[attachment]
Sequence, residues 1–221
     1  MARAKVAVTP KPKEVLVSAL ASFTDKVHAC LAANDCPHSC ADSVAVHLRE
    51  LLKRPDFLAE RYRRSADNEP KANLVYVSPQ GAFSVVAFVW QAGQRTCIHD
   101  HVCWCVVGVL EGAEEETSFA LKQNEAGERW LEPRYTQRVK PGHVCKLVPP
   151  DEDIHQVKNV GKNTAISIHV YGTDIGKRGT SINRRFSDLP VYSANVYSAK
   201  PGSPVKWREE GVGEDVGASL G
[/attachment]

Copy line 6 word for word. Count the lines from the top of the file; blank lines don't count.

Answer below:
   201  PGSPVKWREE GVGEDVGASL G